Beowulf is filmed using the revolutionary (performance) motion-capture process established with films like The Polar Express and Monster House (both Zemeckis productions, although the latter was directed by Gil Kenan), and is not your typical animated film. Whereas most animated films are marketed and aimed squarely at children, Beowulf is an adult story, and the film reflects this. Nudity, violence, monsters and brutality you’d only normally see in a live action film, Beowulf is a modern masterpiece of storytelling and animation. In a mythical era of legends and magic, a kingdom is under siege by a maniacal monster who torments the population and murders inhabitants seemingly on a whim. Grendel, for this is the monsters name, is an aberration, an abominable creation borne of a demonic mother and a human father. Grendel attacks the great mead hall of Heorot, where the king (Hrothgar, voiced and performance captured by Anthony Hopkins) and his men are having a drunken party. Tearing most of the men apart, Grendel turns and flees as Hrothgar confronts him.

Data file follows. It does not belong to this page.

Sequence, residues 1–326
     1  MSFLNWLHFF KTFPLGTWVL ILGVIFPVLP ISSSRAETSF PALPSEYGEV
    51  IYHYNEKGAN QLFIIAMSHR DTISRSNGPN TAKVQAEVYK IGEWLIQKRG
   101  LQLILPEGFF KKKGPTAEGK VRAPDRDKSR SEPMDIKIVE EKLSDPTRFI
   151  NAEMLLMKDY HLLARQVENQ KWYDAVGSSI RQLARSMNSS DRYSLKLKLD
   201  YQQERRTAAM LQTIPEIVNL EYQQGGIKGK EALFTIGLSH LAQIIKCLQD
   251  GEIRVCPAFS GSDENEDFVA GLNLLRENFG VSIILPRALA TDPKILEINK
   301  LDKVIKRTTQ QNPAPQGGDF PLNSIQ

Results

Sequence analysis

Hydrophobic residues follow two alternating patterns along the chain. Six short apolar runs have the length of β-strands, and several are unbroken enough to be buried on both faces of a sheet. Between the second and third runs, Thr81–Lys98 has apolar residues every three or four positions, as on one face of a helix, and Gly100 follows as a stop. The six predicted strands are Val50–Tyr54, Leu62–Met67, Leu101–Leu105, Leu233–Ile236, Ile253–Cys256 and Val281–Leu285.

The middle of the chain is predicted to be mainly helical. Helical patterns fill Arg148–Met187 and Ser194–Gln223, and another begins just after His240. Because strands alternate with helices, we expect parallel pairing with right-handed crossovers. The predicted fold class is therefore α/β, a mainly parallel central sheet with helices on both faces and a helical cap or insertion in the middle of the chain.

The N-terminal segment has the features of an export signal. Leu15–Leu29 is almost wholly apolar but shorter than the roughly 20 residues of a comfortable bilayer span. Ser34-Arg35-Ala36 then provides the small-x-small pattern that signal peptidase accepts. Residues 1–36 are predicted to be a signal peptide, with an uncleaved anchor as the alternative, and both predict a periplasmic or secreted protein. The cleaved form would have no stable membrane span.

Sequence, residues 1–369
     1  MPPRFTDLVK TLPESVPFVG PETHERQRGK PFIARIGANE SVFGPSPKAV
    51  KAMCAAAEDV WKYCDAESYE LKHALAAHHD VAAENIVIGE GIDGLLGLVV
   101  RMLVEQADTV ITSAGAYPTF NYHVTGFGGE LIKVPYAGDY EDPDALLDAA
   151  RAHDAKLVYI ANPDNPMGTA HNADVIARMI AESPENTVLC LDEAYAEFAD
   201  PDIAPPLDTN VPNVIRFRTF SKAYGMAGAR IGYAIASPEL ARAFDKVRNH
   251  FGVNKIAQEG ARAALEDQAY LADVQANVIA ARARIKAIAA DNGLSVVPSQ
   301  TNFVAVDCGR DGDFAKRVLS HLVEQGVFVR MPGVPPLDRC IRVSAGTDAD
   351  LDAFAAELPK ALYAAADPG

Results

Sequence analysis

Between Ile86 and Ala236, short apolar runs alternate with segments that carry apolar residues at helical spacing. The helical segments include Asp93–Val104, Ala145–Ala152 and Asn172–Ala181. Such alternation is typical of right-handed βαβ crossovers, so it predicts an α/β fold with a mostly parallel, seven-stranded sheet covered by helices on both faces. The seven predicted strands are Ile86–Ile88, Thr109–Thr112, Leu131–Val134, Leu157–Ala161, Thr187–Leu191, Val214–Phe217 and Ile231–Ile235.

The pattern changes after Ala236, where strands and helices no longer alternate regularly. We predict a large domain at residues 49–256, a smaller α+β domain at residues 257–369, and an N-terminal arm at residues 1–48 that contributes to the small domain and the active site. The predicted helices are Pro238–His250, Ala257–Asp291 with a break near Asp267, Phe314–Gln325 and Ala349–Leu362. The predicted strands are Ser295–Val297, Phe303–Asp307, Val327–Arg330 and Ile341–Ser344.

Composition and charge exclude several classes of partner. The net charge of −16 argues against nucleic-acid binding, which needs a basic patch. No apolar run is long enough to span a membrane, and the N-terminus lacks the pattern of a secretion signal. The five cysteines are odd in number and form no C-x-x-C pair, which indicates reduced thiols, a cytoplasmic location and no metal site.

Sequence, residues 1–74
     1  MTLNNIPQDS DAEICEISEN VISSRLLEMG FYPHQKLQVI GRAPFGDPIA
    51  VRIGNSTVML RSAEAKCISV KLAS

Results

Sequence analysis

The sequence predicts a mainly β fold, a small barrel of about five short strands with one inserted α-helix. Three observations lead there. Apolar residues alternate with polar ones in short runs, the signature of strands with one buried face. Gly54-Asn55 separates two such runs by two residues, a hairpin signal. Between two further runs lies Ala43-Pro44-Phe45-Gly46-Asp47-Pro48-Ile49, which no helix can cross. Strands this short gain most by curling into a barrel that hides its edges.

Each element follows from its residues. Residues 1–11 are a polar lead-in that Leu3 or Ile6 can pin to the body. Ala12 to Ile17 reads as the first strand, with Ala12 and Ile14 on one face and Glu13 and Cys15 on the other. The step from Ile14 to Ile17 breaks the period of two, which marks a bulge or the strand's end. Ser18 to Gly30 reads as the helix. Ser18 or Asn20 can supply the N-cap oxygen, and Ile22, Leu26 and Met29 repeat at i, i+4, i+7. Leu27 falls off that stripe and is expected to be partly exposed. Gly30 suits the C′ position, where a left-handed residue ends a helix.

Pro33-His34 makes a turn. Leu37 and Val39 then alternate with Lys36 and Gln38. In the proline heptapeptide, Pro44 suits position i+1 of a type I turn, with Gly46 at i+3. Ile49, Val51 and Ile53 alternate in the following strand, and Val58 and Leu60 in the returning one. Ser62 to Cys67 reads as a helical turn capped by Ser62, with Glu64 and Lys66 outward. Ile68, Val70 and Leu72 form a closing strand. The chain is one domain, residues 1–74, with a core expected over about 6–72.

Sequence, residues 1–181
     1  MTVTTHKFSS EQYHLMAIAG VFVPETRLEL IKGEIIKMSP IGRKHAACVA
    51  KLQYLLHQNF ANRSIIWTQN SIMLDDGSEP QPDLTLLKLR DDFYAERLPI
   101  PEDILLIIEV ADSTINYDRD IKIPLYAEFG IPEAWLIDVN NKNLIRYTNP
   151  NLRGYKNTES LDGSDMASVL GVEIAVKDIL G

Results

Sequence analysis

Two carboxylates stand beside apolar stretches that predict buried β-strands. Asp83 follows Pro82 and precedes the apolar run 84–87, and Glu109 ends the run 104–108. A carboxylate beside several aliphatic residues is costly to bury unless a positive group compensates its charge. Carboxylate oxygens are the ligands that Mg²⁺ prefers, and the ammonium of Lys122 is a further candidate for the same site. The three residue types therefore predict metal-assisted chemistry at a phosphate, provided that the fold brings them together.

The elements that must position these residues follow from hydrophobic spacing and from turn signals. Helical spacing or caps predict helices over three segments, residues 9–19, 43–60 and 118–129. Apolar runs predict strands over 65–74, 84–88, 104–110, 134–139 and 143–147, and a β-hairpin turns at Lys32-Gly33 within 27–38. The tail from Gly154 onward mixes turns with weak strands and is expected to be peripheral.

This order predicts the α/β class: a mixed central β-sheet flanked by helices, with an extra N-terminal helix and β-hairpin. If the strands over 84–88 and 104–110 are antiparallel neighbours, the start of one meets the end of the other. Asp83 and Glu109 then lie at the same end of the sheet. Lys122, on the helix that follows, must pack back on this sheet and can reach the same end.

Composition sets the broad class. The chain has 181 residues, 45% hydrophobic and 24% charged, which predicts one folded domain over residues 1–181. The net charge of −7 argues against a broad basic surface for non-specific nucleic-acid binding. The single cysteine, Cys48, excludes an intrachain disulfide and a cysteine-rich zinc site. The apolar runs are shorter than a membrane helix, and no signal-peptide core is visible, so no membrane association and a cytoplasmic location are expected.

The King summons the help of distant monster-killer Beowulf, leader of a group of what appear to be mercenary soldiers looking for adventure. When Beowulf arrives, he is not treated with a great deal of respect by some of the Kings soldiers, who see him as somebody of ill repute. Beowulf only proves himself once he’s taken on Grendel and won, which leads him to become a favorite “son” of the King, who proclaims him heir of the kingdom; Beowulf lies about killing Grendel’s mother (Angelina Jolie in scintillating form… if you know what I mean!) after caving in to her temptations….ie, he gets a little nookie and in turn his kingdom is left in peace…. relatively speaking.